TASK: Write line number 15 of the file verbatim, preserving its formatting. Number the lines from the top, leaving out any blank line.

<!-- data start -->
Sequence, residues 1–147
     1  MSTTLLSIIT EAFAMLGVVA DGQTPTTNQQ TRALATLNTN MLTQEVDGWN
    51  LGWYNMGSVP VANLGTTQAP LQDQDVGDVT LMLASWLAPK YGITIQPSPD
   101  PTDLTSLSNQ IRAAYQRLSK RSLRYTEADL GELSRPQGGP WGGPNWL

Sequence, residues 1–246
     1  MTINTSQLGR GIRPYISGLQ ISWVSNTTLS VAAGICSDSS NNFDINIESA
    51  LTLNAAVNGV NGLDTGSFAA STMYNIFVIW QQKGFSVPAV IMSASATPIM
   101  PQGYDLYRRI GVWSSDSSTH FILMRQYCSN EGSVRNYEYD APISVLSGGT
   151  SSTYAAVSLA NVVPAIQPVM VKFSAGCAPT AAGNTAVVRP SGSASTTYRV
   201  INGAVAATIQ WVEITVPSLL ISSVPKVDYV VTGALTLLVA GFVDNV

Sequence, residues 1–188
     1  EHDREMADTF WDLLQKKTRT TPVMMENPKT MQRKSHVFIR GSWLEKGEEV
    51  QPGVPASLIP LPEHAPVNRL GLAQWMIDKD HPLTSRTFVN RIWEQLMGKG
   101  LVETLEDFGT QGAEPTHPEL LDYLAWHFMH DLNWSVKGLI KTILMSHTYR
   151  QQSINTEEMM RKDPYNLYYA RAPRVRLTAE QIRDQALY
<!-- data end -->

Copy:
   151  QQSINTEEMM RKDPYNLYYA RAPRVRLTAE QIRDQALY